Unseasonably cold weather impacting farming community

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This week has been a challenging one for farmers in southern Ontario.

A wave of cold Arctic air that washed over the Great Lakes as far south as Atlanta on May 9 has posed a frost threat into Wednesday.

Farmers in Norfolk County and surrounding area report a hard frost in the agricultural zone on May 9 that could have implications for asparagus, strawberries, apples and tender-fruit crops in area orchards.

The cold weather also destroyed any asparagus that had presented itself for harvesting this past weekend.

Grower Mike Chromczak of Tillsonburg, a director of the Ontario Fruit and Vegetable Growers Association, reported that spears in his acreage were blackened and will have to be culled to make way for new growth. It remains to be seen whether the frost was intense enough to hamper the harvest going forward.

“I’ve seen years where we got a heavy frost in the middle of a flush and we saw season-long damage from that,” Chromczak said.


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“I’ve also seen years where the crop was unfazed. So we have to wait and see. It’s a pretty resilient plant. We just have to wait and see what happens. There are a lot of damaged spears out there.”

Frost is variable from farm to farm depending on factors such as elevation, topography and ambient moisture. While Environment Canada reported a low Saturday in Simcoe of -2.8 degrees Celsius., Meadow Lynn Farms on the south side of town watched the mercury drop to -8 degrees Celsius.

Farmer Sharon Judd attributes this, in part, to the location of Meadow Lynn Farms in the Lynn River valley and the fact that cold air pools in low-lying areas. Judd says it remains to be seen what this weekend’s cold means for the family’s seven-acre strawberry crop.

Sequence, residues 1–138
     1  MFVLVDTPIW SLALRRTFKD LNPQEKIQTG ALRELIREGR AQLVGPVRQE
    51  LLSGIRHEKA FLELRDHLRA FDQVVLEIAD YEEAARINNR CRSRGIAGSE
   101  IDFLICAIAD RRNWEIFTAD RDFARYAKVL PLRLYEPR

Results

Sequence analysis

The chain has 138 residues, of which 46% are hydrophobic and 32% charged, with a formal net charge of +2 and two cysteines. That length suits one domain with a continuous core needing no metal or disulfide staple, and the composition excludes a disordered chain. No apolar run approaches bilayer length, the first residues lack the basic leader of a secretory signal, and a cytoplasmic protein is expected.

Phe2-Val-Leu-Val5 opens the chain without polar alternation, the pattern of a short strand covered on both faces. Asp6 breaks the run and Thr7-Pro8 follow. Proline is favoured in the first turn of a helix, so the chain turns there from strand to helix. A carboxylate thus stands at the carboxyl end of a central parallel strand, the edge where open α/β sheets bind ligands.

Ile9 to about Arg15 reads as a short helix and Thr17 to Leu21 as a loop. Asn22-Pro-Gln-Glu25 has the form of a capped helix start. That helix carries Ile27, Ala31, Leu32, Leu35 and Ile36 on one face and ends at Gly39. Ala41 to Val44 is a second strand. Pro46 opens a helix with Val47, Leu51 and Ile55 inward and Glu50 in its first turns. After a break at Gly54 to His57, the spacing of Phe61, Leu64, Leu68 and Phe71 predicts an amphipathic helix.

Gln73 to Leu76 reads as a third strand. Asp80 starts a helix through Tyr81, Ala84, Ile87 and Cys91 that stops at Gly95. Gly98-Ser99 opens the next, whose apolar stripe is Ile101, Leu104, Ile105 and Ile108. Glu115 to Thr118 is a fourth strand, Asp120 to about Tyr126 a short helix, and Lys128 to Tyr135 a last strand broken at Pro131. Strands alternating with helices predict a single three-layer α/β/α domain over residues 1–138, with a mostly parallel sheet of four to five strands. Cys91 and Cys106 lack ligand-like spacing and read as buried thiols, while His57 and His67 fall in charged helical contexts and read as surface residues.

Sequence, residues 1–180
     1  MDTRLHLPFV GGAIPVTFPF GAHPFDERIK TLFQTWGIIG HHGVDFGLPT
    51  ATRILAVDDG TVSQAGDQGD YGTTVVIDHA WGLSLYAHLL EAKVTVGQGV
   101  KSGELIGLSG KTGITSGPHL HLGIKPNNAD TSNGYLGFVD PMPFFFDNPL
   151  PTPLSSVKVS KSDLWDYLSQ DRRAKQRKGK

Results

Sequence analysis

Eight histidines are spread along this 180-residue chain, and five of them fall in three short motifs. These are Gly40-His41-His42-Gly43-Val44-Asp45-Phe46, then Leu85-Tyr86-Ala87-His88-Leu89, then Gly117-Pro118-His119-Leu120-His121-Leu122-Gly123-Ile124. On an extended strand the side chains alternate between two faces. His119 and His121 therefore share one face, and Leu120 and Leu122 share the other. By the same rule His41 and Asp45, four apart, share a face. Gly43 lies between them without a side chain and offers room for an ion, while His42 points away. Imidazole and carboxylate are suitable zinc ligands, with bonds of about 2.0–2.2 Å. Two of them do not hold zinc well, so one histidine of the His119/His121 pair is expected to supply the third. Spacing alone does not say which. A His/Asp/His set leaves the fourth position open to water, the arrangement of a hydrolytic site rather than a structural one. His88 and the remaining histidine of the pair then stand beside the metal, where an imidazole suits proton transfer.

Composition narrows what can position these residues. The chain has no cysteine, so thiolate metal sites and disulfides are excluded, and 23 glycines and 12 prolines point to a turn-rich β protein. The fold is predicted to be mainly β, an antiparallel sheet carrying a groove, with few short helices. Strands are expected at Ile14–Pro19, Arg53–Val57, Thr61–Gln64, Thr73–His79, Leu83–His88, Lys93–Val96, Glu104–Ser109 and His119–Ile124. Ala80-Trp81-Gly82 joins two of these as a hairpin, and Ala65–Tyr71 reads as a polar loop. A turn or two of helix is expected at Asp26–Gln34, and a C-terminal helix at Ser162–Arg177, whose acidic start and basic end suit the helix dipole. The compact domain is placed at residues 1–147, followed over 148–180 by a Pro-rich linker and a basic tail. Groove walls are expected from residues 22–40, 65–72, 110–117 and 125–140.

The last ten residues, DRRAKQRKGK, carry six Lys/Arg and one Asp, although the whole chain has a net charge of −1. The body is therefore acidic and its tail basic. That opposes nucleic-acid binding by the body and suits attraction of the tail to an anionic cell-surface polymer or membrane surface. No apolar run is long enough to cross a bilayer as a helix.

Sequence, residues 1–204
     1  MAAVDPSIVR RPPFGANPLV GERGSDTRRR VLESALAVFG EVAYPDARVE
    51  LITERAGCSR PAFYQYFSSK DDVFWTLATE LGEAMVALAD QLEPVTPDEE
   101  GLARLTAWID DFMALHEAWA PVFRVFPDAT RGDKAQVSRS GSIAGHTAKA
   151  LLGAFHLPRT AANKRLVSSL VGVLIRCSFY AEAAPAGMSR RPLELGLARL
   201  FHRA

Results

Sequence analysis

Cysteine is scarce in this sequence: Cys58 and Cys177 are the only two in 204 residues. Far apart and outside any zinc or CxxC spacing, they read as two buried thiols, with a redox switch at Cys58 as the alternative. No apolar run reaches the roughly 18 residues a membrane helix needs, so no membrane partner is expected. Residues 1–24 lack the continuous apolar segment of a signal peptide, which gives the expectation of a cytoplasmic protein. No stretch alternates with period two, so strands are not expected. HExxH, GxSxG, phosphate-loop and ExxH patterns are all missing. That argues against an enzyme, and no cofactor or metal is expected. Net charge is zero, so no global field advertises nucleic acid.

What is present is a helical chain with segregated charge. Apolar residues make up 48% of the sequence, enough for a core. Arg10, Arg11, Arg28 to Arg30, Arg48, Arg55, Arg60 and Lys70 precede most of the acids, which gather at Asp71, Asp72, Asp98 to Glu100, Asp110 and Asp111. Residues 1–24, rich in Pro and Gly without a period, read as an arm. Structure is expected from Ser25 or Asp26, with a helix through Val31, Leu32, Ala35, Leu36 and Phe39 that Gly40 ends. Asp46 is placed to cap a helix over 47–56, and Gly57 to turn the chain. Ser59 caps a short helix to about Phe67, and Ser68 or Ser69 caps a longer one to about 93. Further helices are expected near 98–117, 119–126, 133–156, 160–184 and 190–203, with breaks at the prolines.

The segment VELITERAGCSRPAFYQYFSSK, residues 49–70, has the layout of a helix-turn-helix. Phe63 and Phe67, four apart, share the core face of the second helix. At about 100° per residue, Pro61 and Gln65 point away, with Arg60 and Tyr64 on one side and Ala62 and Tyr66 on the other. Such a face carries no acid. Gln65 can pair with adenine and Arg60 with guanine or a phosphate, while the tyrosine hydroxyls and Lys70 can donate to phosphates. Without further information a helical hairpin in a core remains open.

“This is unprecedented,” she said. “We have never experienced a weather system like this.

“But Mother Nature is pretty resilient. We’re hoping that – if the first blossoms were burnt off – that the later fruit will make up for it by being larger. We just don’t know yet.”

The jury is still out on the apple and cherry crop at Schuyler Farms of Simcoe. Amidst snow flurries last Saturday morning — occasionally intense at times — farmer Brett Schuyler was out checking the damage.

Like Meadow Lynn Farms, the large orchard operator ran sprinklers Friday night in an effort to protect fruits trees and bud sets with an insulating layer of ice. Schuyler says the mercury at his operation dipped to -3 degree Celsius Friday night.


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“It could be OK,” he said Saturday. “Or it could be really bad. The temperature was right in that area where you don’t want to see it.”

The rule of thumb for apples and tender fruit trees is that a hard frost in the range of – 2.2 degrees Celsius will damage 10 per cent of your bud set while one in the range of -4.4 degrees Celsius will damage about 90 per cent.

“We’re sweating pretty bad,” Schuyler said. “We’ll cut open buds in the next few days and we’ll see how bad it is.”

Environment Canada says the lowest temperature recorded in Simcoe for May 9 occurred in 2017 when the mercury dipped to -2.5 Celsius. The record high of 29.7 degrees Celsius for May 9 occurred in 2015.

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